Atkins, William O. v. Pickard, Andr

Filing 40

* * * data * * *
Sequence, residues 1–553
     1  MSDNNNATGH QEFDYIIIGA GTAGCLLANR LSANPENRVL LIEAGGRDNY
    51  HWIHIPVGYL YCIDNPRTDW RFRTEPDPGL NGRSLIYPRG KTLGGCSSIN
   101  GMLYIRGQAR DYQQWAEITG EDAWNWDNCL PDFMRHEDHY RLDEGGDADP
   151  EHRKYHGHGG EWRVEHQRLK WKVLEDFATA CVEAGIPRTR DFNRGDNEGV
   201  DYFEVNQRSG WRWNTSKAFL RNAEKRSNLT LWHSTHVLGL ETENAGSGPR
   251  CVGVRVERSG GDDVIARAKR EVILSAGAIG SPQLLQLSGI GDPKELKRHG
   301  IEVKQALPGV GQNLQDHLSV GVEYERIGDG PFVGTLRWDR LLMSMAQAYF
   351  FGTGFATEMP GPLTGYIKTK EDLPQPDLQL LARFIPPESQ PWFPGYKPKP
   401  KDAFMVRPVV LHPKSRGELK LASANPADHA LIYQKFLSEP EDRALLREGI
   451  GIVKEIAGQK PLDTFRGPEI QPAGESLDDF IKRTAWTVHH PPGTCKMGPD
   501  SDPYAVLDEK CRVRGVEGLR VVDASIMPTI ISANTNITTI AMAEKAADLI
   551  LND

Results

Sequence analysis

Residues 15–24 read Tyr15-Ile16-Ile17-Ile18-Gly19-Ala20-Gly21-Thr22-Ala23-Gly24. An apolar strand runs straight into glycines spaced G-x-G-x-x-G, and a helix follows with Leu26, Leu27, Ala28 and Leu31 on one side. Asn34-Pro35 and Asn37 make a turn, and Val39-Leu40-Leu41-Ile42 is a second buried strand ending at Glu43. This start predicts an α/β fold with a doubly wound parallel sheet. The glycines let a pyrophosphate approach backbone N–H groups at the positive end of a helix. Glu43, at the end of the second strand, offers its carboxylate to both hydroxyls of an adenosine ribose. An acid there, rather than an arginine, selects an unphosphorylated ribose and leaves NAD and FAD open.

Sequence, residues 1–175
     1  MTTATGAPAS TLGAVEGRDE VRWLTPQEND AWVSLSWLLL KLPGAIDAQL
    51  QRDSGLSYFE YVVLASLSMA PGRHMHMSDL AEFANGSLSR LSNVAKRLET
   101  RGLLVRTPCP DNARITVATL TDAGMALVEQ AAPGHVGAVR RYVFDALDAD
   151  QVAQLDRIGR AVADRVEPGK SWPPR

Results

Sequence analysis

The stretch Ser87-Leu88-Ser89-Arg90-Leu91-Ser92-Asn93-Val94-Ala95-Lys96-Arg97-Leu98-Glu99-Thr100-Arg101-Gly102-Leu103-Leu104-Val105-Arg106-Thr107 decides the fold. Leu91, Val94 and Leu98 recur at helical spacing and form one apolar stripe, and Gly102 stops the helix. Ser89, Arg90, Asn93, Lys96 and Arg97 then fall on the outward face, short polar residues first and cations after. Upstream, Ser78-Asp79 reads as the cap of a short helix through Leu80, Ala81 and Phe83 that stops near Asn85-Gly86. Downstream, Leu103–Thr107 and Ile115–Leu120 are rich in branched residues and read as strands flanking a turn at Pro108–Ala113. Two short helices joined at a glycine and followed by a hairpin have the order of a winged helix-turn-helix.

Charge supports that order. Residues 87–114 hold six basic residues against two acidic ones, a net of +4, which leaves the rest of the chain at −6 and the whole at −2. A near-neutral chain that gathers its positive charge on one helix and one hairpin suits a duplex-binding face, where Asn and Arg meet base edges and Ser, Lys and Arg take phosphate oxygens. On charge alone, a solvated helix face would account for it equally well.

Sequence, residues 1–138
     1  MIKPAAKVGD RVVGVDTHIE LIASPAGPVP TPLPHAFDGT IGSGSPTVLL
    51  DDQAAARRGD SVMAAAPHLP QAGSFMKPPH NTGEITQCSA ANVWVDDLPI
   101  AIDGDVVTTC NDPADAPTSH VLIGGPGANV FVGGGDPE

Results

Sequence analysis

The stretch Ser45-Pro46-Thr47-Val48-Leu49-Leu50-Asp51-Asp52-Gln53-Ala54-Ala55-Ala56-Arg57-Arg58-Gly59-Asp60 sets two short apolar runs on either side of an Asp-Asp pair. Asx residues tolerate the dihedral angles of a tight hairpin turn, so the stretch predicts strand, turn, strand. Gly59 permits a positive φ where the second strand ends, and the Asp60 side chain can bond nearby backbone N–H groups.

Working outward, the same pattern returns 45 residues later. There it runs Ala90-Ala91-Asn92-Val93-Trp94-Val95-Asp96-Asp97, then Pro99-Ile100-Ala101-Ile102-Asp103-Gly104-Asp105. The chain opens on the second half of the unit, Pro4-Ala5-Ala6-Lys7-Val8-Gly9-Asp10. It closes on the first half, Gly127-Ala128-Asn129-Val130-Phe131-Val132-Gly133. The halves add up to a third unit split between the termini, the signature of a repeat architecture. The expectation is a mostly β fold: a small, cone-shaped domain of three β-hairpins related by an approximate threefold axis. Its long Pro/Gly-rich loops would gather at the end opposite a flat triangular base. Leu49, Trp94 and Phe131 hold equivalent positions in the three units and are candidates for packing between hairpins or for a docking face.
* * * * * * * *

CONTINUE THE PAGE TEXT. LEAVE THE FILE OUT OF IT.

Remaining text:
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NONPRECEDENTIAL DISPOSITION To be cited only in accordance with Fed. R. App. P. 32.1 United States Court of Appeals For the Seventh Circuit Chicago, Illinois 60604 Argued April 6, 2007 Decided November 10, 2008 Before RICHARD A. POSNER, Circuit Judge JOEL M. FLAUM, Circuit Judge TERENCE T. EVANS, Circuit Judge No. 06-3296 WILLIAM O. ATKINS, Plaintiff-Appellee, and ADAM ATKINS, Plaintiff, No. 05 C 6109 v. COUNSELOR ANDREA PICKARD, GERALD REESE, SAMUEL NANCE, and WARDEN DEIRDRE BATTAGLIA, Defendants-Appellants, and CITY OF CHICAGO et al., Defendants. ORDER In an opinion issued today (our appeal number 07-2757) we reversed the district court's order dismissing this case. In summarizing the facts, we wrote: Milton I. Shader, Judge. Appeal from the United States District Court for the Northern District of Illinois, Eastern Division. No. 06-3296 In October 2003 Chicago police stopped a car driven by Adam Atkins. His brother William Atkins was a passenger. The police released Adam but arrested William on the basis of a paroleviolation warrant bearing his name and his Illinois Department of Corrections identification number. He was held at the police station overnight and then transferred to the custody of the Department of Corrections, which placed him in the state prison at Joliet. From the moment of his arrest William Atkins steadfastly denied that he was the William Atkins named in the warrant. He was released from the Department's custody after 37 days. He brought this suit against the arresting officers, prison guards, and others, mainly contending that the Department lacks proper procedures for determining mistaken identification, but also claiming that his arrest was illegal and that he was mistreated while at Joliet. 2 Unfortunately, Mr. Atkins died during the proceedings in the district court. Subsequently, the district court dismissed the case because a proper party--Mr. Atkins' widow, Brandie Atkins--was not timely substituted as the plaintiff. That order was reversed in our opinion today. Now back to the complaint which was filed in 2005. In answering Atkins' complaint, the state defendants asserted, among other things, the affirmative defense of qualified immunity. Ordinarily, that defense is addressed when (and if) defendants move for summary judgment. But that wasn't what happened here. Instead, Atkins filed a motion to strike the qualified immunity defense from the defendants' answer. Atkins' motion was granted, the defense was stricken, and the state defendants took an appeal from the district court's order (our appeal number 06-3296, the subject of this order). On April 6, 2007, after Mr. Atkins had passed away and before Brandie Atkins was inserted into his shoes to continue the case, we heard oral arguments on the State's appeal of the order striking its qualified immunity affirmative defense from the complaint. We think the district court jumped the gun and committed error in issuing that order. The order was based on a slim "motion to strike" under Rule 12(f), a rule aimed at a pleading that contains "an insufficient defense or any redundant, immaterial, impertinent or scandalous matter." The rule is not a good fit for resolving issues like qualified immunity which often turn on facts yet to be developed. Accordingly, the order is REVERSED and the case REMANDED for further proceedings, now with Brandie Atkins at the controls.

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